Finding the Perfect Daycare
by Candice Work
As I was quickly approaching the end of my maternity leave, I thought the hardest part of my return to work would be saying goodbye to my beautiful son. In a perfect world, I would be able to stay home with my child to guide him and revel in those vital first years. But I knew all too well I couldn’t afford that option, and that the decision of who to leave him with would be one of many important choices my husband and I would have to make as we embarked on this journey of parenthood.
Imagine my surprise when I discovered that it wasn’t a simple matter of choosing where to leave him, but that the bigger issue was finding quality—or should I say any—childcare.
My husband and I had heard the lack-of-childcare horror stories, so we had added our names to waitlists before our son was born. But as time was running out before my return to work, we still hadn’t found childcare. The panic and anxiety started to set in.
All kinds of ridiculous notions swirled around my head—I even considered flying in my retired parents from Ontario. I began to get that wired, glassy-eyed look of people desperately holding on to their last chip at the casino. Desperate times call for desperate measures, I’ve been told, and we were definitely getting to that point.
Then, finally—hallelujah—the daycare gods smiled down on us and we found space in a family daycare. But that was a brief arrangement, ending with safety and hygiene issues, to name but a few.
Next came another family daycare which only lasted a week. I have friends who are happy with their family daycares, but it just wasn’t our experience.
Thankfully, after being on a waitlist for 18 months, we finally secured daycare in a group care setting. That’s where my son is now and the arrangement is working brilliantly. Excited to see his friends each morning, my son receives excellent care and good structure throughout the day and is given the kind of one-on-one play and socialization he can only get by being around other children.
Here are five suggestions to help make your childcare search go smoothly:
1. Waitlists—there can be no hesitation here, folks. Get your name on waitlists before your child is born. No joke. This may seem unbelievable, but I can assure you, based on personal experience, it is a necessary step given the existing daycare shortages.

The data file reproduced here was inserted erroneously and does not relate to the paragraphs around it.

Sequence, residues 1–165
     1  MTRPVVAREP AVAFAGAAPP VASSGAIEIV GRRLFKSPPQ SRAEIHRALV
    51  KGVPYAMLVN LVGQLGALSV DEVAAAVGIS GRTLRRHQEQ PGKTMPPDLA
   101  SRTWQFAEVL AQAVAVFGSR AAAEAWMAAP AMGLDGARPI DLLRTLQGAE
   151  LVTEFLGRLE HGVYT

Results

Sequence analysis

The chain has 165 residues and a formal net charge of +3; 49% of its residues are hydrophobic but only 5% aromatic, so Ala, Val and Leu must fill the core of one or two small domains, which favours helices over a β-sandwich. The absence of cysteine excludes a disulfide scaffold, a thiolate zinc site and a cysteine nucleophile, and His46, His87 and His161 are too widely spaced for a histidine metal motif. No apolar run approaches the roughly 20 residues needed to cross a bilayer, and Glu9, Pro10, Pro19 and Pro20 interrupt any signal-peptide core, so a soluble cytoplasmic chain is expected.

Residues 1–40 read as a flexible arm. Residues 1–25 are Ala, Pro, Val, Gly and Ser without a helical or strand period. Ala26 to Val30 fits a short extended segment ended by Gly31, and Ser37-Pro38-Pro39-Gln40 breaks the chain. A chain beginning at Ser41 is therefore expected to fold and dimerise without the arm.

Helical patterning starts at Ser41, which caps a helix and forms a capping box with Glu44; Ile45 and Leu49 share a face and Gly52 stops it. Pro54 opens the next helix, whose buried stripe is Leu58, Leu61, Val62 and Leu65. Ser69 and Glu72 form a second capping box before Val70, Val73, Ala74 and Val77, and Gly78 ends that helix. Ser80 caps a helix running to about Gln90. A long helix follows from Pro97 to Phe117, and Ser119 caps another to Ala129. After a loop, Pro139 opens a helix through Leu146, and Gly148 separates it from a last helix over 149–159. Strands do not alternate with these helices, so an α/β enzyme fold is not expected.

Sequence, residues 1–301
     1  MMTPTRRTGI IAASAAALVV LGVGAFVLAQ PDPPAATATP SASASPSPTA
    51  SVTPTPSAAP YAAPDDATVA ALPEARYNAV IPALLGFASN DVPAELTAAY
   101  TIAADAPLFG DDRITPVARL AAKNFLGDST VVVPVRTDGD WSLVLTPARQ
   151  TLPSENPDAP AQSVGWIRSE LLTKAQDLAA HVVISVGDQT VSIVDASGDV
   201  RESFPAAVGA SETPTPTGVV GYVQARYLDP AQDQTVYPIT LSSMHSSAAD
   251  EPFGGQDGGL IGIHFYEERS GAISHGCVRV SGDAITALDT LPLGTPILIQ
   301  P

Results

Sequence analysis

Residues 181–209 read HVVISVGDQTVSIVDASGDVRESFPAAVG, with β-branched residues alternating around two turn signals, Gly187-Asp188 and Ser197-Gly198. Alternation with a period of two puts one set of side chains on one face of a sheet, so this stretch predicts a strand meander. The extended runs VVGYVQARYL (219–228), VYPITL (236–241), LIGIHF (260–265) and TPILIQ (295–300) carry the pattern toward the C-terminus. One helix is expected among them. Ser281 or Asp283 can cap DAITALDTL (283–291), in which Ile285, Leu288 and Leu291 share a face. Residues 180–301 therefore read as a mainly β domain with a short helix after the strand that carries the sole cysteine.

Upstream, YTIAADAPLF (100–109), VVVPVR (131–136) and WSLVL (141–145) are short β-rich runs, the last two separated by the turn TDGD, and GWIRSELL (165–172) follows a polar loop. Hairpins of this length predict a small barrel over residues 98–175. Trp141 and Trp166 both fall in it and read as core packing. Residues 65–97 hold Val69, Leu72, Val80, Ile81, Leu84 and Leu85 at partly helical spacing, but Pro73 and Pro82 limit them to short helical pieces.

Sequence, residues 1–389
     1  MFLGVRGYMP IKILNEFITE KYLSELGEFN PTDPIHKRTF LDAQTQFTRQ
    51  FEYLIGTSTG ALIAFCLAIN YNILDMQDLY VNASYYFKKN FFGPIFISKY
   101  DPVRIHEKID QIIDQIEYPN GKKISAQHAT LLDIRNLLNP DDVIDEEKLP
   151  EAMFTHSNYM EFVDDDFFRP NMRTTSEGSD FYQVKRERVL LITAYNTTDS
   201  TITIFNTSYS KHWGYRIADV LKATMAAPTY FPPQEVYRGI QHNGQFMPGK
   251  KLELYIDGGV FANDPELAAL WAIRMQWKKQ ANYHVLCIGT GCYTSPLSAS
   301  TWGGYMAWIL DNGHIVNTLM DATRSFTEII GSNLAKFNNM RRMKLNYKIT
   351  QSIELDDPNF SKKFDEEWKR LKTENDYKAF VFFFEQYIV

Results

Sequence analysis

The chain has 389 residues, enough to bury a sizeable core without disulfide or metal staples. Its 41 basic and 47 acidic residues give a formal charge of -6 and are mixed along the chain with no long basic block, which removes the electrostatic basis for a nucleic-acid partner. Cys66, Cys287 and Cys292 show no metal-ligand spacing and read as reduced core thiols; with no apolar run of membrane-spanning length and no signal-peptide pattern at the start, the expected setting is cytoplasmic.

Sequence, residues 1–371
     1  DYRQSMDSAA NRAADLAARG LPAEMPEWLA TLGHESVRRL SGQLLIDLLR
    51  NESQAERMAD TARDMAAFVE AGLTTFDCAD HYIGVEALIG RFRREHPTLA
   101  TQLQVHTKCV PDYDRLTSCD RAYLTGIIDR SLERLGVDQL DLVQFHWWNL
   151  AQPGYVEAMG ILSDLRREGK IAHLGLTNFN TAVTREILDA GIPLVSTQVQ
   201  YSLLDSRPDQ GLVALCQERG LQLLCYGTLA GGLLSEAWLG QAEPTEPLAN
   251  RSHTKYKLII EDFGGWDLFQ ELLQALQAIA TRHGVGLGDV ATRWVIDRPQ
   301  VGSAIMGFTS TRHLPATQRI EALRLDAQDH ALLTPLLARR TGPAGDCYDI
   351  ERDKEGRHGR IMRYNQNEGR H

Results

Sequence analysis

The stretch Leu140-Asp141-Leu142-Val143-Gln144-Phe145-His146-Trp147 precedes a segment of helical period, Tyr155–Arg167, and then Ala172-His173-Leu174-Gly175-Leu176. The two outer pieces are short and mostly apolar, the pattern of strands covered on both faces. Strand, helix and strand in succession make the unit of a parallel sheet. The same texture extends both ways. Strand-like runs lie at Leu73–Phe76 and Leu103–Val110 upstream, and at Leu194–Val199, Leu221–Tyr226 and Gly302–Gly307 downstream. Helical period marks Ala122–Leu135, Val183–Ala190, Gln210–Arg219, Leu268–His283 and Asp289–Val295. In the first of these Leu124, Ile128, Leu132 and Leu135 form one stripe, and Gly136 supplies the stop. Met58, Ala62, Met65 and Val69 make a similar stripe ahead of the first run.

2. Child Care Resource and Referral (CCRR)—the staff here offer an invaluable service. They have a wealth of information for finding home-based or group facility daycares in your area and can e-mail you exhaustive lists. However, much like when a property management company gives you the specs on a potential building, you still need to do your homework. You might have to call at least a dozen daycares, but if they have a waitlist or have a space for you, take the time to check out the staff, space and neighbourhood yourself. Naturally, it’s important that you are on the same page when it comes to food, play, safety, structure, respect, discipline and religion. Call the CCRR at 382-7000 or visit the website at www.islandfamilyinfo.ca.
3. Online resources—consult the Ministry of Children and Family Development website (www.mcf.gov.bc.ca/childcare) for daycare names and explanations of such key terms as LNR (Licence Not Required), among others. Another great resource is Kids in Victoria (www.kidsinvictoria.com). Click on the classifieds link, then the child care link. You’ll find daycares, nannies and babysitters, all at your fingertips.
4. Word of mouth—this is the time to really tap into your social network, either through friends, work associates or community groups. There are women’s groups at the various public health units (www.viha.ca/prevention_services/public_health_nursing.htm) and drop-in groups at numerous recreation centres. Sometimes women get a lot of ribbing for the amount of talking we do compared to men, but when it comes to kids and childcare, I’ve been extremely thankful that we do talk as much as we do. Without that communication, I would never have discovered all of the daycare options, parenting resources or motherhood tips I’ve been given over the last two years. We are such an expressive gender and thank goodness we are there to support each other on this journey of ours.
5. Think outside the box—for example, nanny sharing, working part-time, working from home, or sharing childcare duties with friends or grandparents. As you explore as many options as your imagination will allow, sometimes you’ll discover you have more flexibility than you think.
With a little planning, some fact finding and useful digging, the task of finding viable childcare doesn’t have to be so daunting. In fact, maybe the hardest part isn’t finding the childcare, it’s being able to accept the next step as our children grow older. Kids are so resilient; they adjust to new surroundings and friends and find their place in the world.
Candice Work is the mother of a spirited two-year-old son and is expecting baby #2 this month. In her “spare” time, she is a legal administrator and a burgeoning freelance writer.